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Amazon Fire Phone's Dynamic Perspective offers a new angle on smartphone displays

The Amazon Fire phone packs a series of cameras and eye-tracking technology to offer a 3D perspective.

Nate Ralph Associate Editor
Associate Editor Nate Ralph is an aspiring wordsmith, covering mobile software and hardware for CNET Reviews. His hobbies include dismantling gadgets, waxing poetic about obscure ASCII games, and wandering through airports.
Nate Ralph
2 min read
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Peer around pictures with Dynamic Perspective

With the Fire Phone, Amazon is introducing a new way to get around your smartphone's interface, with 3D effects.

Wait no, come back! This isn't the pop-out-of-the-screen 3D we've seen attempted to ill effect so often in the past, as Amazon is betting it can outdo those old attempts with something the company is calling Dynamic Perspective.

Instead of creating the illusion that an object is coming right for you, you're given a, well, dynamic perspective on things. Look at a lockscreen picture of a forest, or egyptian ruins, and you're given a chance to peer behind or around some of the objects on screen. For a more practical application, consider the maps: during the presentation, Amazon CEO Jeff Bezos tilted the phone to pan about the map, getting a better angle on details like a particular street's name. Tilt the phone gently, and you'll pull up Yelp info and reviews.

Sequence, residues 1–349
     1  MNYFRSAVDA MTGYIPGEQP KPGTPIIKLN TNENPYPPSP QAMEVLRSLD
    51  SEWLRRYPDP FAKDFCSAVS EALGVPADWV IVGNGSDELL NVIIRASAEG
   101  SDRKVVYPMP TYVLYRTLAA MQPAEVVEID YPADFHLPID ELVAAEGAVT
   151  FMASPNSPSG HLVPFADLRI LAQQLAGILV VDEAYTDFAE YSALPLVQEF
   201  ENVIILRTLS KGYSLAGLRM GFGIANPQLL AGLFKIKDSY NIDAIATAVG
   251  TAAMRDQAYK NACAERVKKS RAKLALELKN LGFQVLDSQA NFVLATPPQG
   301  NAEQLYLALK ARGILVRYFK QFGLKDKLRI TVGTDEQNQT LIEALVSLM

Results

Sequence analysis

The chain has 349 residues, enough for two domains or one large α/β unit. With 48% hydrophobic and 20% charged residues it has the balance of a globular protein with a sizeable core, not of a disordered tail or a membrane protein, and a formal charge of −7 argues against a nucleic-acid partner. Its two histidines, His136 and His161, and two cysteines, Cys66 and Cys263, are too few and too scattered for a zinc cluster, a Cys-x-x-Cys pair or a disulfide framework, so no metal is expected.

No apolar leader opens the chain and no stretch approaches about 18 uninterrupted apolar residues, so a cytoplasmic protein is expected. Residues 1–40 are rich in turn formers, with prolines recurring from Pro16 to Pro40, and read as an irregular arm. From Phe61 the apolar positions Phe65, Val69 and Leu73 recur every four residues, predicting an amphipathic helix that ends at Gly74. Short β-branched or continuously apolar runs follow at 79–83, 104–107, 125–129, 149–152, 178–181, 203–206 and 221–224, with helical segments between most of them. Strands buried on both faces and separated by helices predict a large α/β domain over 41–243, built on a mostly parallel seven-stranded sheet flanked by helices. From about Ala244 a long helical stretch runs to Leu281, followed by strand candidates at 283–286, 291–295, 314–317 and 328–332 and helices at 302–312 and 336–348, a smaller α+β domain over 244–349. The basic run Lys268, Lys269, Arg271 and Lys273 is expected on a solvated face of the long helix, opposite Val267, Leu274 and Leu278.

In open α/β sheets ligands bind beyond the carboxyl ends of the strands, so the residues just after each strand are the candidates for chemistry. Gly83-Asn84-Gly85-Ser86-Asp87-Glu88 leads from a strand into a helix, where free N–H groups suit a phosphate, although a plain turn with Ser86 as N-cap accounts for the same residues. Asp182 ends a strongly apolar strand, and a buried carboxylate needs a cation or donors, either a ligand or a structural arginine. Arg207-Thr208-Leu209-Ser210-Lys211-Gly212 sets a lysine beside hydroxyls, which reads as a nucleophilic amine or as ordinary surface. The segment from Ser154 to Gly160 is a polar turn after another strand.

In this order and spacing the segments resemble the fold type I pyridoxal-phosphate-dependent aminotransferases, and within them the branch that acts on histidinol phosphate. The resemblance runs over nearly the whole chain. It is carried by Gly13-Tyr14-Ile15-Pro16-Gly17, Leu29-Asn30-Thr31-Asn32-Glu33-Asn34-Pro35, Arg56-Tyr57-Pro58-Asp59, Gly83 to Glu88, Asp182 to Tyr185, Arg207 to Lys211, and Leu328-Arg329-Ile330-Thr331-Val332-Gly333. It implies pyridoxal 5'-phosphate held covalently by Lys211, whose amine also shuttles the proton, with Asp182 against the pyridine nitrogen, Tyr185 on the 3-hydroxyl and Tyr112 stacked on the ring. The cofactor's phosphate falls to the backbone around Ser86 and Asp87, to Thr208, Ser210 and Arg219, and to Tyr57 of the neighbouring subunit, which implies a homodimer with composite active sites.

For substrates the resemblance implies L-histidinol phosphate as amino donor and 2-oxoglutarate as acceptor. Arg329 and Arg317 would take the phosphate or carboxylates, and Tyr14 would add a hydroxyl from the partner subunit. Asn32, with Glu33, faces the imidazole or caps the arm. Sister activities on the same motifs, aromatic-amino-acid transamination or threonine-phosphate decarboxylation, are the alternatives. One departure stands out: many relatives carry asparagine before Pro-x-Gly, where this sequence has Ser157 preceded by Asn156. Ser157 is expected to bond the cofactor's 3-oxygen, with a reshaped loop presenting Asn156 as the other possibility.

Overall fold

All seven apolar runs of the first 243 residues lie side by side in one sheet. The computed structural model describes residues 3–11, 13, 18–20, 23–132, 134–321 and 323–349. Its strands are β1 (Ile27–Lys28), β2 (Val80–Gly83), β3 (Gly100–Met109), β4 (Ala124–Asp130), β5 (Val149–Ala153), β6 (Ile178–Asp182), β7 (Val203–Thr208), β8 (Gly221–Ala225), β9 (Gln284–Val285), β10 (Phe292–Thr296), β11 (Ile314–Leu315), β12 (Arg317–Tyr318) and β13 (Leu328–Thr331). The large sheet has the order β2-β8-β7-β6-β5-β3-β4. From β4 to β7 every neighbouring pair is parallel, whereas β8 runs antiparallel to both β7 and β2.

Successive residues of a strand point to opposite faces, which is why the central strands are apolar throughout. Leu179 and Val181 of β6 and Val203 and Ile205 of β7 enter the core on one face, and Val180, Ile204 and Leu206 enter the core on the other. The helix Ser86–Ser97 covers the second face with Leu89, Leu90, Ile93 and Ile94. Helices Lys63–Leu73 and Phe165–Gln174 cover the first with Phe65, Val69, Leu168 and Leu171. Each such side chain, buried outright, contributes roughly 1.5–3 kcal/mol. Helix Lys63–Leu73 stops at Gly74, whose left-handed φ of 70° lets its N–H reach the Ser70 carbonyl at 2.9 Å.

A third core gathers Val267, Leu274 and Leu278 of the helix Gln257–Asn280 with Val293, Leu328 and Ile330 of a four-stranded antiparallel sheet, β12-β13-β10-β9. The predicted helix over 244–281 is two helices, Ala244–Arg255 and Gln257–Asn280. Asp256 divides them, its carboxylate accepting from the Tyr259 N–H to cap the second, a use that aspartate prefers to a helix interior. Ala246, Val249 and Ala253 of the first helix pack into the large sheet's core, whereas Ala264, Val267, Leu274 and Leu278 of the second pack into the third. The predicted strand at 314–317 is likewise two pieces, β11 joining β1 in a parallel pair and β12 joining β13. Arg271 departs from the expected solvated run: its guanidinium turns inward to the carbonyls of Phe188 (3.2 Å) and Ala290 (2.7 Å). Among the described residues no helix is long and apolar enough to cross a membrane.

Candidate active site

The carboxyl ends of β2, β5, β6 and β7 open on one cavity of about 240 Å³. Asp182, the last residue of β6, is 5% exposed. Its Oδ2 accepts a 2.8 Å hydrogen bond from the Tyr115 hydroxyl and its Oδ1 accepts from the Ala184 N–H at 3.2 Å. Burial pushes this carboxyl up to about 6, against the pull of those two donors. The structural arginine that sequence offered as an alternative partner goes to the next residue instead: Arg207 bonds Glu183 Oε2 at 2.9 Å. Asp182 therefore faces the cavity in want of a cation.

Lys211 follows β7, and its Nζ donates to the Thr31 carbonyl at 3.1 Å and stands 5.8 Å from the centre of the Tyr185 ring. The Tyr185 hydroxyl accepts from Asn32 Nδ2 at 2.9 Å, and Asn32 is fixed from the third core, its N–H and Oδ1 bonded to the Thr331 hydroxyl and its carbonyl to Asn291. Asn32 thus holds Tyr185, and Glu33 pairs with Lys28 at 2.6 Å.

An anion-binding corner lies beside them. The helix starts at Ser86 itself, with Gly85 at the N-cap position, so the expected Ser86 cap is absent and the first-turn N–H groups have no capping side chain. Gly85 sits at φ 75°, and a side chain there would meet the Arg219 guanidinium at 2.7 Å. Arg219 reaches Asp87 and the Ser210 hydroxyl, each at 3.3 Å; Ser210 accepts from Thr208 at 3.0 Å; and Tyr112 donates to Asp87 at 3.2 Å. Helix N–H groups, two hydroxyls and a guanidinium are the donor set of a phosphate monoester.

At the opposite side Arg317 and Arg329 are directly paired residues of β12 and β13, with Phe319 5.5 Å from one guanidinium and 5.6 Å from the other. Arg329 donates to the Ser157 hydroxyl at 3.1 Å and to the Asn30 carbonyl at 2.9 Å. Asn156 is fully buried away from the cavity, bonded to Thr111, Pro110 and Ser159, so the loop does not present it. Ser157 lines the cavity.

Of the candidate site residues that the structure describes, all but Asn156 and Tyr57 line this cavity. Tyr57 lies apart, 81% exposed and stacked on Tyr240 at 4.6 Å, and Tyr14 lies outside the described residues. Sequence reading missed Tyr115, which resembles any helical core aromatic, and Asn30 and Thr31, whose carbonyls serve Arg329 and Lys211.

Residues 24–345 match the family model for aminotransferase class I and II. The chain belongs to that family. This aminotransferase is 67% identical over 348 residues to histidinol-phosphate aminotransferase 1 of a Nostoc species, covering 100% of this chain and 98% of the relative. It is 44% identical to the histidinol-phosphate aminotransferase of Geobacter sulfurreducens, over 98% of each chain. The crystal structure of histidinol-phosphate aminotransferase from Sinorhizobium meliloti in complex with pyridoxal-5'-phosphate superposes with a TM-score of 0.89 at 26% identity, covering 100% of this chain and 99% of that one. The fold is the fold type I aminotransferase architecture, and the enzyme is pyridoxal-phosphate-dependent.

Tilt to peek around maps and landmarks.

Or maybe you like shopping -- in one example, Bezos pulls up a line of dresses on Amazon, and tilts the phone to scroll through the stack. Reading more to your liking? Just tilt the phone to scroll up and down a web page or e-book. You can even set things to autoscroll at a deliberate pace, essentially putting your literature on cruise control -- drop a thumb to pause it.

But this isn't about baking some accelerometers into a device and hoping folks don't wiggle too much. Amazon's Dynamic Perspective is powered by a battery of eye-tracking tech that works by knowing where your head is at all times, to make sure you're getting the best view of whatever iti s you're looking at.

Getting this all working requires a whopping four cameras -- one on each corner -- with an infrared red light, for night vision. The company collected millions of images of faces from around the world, to optimize the hardware's ability to track faces, and eyeballs, to pull of Dyanmic Perspective's magic.

Dyanmic Perspective is the sort of effect that's going to be really hard to make heads or tails of, until we get a chance to see it in action -- stay tuned.

This is a developing story. Follow CNET's live blog of Amazon's event.